I should have taken that course,
the one with the guy
who builds drystone walls up north
for the farmers who have to maintain
things the way they’ve always been.
A bit like how I’m still trying
to keep this how it was
when you laid each slab in place
one, against the other,
so clever with your fingers,
finding the flattest stones,
the edges most like jigsaw pieces,
and stacking the pile
till it looked like a skyscraper
even if it always was only a folly.
I’ve just taken part in Caroline Bird’s Brave Writing poetry workshop, so I was a little worried I’d be all poet’d out by the time I got round to the DVerse prompt for this evening. It was an amazing workshop and I feel like a got so much out of it, much as I did with the workshop I did last year run by Mark Pajak. Workshops are a great way to improve your poems and your craft.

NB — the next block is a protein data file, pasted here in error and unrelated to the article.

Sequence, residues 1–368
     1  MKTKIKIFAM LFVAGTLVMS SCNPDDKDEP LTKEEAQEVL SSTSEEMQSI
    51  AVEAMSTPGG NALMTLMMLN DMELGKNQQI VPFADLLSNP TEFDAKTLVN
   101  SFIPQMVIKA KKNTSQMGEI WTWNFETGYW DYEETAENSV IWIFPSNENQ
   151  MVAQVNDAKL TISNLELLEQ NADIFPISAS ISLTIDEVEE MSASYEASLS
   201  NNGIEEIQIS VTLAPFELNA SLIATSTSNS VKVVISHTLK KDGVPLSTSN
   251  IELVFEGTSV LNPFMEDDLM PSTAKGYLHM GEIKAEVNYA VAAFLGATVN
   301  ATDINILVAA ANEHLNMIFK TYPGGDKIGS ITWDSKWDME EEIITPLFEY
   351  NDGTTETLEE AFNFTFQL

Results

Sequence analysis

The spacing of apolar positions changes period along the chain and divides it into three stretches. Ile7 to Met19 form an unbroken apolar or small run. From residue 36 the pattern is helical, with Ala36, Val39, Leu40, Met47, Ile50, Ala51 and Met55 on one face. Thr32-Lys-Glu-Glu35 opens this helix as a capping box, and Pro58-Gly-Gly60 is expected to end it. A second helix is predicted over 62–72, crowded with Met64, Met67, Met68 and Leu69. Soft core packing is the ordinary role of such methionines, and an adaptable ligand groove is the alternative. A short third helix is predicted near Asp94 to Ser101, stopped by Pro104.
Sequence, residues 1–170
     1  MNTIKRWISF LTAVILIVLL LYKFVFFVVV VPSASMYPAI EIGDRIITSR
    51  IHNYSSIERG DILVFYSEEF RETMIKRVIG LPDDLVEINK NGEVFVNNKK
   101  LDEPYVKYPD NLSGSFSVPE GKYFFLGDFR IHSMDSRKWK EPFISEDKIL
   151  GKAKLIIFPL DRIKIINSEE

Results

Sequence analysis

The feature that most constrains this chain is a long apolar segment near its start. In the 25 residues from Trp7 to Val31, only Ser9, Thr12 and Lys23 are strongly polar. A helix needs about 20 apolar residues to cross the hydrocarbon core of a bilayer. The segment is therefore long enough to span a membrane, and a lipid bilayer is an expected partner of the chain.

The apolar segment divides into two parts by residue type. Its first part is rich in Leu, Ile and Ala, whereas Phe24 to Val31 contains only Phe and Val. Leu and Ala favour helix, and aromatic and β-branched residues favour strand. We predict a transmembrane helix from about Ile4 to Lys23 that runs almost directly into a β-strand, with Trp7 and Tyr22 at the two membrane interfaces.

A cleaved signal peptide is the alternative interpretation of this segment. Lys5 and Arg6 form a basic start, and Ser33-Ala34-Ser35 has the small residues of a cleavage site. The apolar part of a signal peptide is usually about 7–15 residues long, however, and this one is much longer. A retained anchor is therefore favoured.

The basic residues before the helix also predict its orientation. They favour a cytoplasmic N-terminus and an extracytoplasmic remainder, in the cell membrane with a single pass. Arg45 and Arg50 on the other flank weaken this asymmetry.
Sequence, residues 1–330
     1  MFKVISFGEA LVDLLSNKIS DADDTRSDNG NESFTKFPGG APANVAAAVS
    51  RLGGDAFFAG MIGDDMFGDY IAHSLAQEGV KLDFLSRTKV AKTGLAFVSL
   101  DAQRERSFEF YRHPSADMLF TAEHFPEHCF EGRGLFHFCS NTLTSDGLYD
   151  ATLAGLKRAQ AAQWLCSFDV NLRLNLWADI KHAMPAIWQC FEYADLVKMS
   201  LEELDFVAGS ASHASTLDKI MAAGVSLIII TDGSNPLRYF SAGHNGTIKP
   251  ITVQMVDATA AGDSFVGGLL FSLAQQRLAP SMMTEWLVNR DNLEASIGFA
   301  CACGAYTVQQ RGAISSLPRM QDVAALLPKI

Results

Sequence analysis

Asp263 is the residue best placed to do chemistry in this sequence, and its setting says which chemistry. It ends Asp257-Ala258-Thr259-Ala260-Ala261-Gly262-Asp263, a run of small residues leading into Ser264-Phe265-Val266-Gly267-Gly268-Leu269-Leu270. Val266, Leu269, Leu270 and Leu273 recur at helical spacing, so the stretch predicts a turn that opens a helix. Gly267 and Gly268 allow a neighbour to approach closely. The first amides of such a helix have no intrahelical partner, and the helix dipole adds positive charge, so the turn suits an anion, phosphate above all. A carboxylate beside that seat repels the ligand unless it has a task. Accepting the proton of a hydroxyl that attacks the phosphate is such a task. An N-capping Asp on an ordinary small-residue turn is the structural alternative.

Also, my poem When Medusa Goes Shopping went live on The Daily Drunk today! I think this is the first poem I’ve had published in 2020. After writing my collection I felt a bit like I’d run out of poems, and it’s only been in the last couple of months that I really started got the fire back in my belly when it comes to writing.
Since tonight’s prompt is Follies, I’d like to mention Hawkstone Park Follies. It’s a lovely site in Shropshire, built originally by the Hill family, and a local tourist attraction. The family built it as a pleasure garden (eighteenth century gardens designed for noble families to go walking in) and as a result the Follies boast fantastic sandstone caves, a hermitage, and the obelisk which is not actually an obelisk but a monument to the supposed first protestant mayor of London. (Supposed, the claim is a little contested). For those who enjoy walking it’s a fantastic place to visit (though only open between 1st July and 1st November). I’d highly recommend not doing it dressed as the Easter Bunny however. There are some steep bits.